Just to confirm - besides resetting the date/time you advise i get a new cmos battery ? If so are these a standard type or do i need to be looking for anything in particular with a battery ?
Yes, you should replace the battery. It shouldn't run more than ~$4. To find out what kind of battery to buy, just pull it out and read the part number on it. It should be readily available at any computer type store.
Also -If this does solve the no post & crashing can you tell me please what might have caused this ...just the cmos battery dying ?
It all depends. Because I'm not there to see the machine myself, I can only go by what you tell me. What you describe as "no post & crashing" could be anything related to the computer and your description may only be what "you" think it really is and not necessarily what "I" might think it is. This is what makes forum troubleshooting difficult.
One last thing in relation to your previous reply - i just tried the system again to recheck and besides the exact same startup sequence (and restart) there is no beep at all in the startup process -that's not normal right ?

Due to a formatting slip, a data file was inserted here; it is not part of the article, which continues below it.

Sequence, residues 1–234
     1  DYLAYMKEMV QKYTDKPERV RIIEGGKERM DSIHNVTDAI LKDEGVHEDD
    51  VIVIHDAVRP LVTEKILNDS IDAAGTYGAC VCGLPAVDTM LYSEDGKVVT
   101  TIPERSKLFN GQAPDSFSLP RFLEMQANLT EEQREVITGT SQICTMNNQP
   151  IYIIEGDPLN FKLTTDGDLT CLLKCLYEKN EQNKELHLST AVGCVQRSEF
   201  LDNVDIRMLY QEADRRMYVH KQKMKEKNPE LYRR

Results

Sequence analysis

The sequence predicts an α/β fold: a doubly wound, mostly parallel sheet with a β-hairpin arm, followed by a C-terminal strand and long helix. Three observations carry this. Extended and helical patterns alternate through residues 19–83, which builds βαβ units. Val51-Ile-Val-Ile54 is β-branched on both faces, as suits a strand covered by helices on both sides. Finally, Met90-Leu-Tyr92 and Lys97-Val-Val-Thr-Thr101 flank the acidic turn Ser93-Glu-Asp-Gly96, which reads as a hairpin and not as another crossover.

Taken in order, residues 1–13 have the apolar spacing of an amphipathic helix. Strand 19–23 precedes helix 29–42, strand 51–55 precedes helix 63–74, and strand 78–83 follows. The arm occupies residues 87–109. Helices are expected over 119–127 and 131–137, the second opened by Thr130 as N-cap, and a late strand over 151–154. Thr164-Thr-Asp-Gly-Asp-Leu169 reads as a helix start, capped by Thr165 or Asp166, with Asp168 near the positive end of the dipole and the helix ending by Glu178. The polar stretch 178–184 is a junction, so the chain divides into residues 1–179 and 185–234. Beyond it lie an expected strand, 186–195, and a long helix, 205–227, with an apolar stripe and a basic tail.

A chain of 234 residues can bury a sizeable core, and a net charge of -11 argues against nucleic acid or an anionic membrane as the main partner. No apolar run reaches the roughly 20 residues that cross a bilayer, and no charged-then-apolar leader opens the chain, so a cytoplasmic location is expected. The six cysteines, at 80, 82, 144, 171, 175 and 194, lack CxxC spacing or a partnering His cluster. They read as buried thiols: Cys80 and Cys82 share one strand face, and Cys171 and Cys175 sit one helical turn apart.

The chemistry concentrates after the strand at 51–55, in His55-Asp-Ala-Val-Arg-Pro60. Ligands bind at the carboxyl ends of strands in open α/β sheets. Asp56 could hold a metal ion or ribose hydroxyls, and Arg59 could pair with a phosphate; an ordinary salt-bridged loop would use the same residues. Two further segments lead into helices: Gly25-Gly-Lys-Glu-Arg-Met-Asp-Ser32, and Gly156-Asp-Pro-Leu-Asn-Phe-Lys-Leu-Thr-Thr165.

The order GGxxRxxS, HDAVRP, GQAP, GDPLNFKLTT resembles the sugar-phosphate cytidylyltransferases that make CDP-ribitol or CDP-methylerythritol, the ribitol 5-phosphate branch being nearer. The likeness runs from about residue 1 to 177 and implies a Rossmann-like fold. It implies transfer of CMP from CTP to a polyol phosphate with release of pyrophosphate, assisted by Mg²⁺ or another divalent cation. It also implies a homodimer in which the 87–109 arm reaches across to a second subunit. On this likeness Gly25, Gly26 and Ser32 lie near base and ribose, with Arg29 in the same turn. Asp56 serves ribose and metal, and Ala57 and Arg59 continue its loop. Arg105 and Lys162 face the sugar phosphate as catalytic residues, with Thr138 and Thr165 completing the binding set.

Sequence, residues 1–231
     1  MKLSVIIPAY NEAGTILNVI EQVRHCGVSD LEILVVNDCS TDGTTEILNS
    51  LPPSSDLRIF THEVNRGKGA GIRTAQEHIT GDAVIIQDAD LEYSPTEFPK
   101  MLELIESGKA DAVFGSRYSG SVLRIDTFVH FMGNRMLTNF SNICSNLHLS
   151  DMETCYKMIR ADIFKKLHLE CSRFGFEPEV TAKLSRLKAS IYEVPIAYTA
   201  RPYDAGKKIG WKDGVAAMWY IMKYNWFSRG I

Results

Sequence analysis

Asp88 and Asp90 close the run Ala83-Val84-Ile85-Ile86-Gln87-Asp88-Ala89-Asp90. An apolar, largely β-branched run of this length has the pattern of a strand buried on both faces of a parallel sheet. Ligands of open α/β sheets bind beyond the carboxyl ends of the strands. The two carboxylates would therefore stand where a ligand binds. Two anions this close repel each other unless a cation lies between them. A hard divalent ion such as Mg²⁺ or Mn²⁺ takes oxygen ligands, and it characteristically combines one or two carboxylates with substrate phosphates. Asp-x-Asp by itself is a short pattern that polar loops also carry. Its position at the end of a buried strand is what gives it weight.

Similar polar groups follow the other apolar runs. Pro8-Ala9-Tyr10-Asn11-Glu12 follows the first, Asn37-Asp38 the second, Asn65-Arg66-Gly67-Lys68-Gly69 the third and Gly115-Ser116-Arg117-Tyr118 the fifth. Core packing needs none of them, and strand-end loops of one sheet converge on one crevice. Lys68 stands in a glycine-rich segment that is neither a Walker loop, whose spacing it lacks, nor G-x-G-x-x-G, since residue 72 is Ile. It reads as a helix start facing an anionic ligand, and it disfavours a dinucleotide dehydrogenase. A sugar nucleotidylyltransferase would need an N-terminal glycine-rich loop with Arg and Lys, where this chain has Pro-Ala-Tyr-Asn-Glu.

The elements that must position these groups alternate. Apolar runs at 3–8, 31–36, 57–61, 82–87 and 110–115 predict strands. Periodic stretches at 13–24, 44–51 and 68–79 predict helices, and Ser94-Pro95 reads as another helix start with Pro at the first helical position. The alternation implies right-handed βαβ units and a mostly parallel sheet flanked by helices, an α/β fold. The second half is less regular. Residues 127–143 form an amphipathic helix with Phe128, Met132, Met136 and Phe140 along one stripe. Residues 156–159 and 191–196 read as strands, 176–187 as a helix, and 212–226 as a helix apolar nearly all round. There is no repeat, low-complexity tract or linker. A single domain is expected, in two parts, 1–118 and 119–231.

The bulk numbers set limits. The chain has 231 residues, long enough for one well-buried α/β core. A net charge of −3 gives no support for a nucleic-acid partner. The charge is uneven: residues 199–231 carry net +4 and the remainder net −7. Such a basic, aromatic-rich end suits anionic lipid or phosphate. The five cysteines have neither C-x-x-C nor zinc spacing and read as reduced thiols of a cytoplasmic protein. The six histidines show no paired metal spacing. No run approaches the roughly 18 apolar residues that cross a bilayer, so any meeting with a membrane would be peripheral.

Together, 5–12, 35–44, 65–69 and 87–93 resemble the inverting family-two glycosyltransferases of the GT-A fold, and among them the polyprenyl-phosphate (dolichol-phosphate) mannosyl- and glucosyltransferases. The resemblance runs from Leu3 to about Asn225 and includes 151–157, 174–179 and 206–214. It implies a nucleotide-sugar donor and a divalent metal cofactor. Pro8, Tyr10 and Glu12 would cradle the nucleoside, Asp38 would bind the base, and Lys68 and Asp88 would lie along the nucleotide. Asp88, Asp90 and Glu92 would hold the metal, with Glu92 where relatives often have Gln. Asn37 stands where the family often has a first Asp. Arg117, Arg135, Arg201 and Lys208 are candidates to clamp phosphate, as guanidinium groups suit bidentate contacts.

What does that signify ?
The bios having the wrong date may preclude completing the post, so you may not get the "single" beep that comes normally as when the bios actually completes normally.
As for the restart, I'm beginning to think other things. Having a dead bios battery shouldn't cause Windows to crash and restart. When you use the words "restart and crash", are you referring to Windows restarting and crashing? If so, then buying a new battery may not completely solve your problems. For troubleshooting the restart/crash, I would minimize components to the following...
Use only one ram stick (if you have more than one) (then swap out the ram on a second attempt if the first attempt at booting fails)
PS2 mouse (no usb/wireless)
PS2 keyboard (no usb/wireless)
Pull all other cards out of the computer... modem, sound, etc, and disconnect cables from any floppy drive, cdroms, and any other hard drives (if you have a slave installed too). If there is any dust on any part, you need to clean it out with compressed air to eliminate heat related problems. If you use air, go slow and don't blast the air... go slow and gentle so you don't generate huge amounts of static electricity.
Restart the computer, set the date/time, and see if you can boot to the Safe mode menu. However, don't let the computer actually boot to Windows. If the computer will stay on without crashing for an extended amount of time while in the Safe mode menu, then it's possibly a ram problem as this is the first thing Windows will try to use... besides the harddrive and vid card, of course.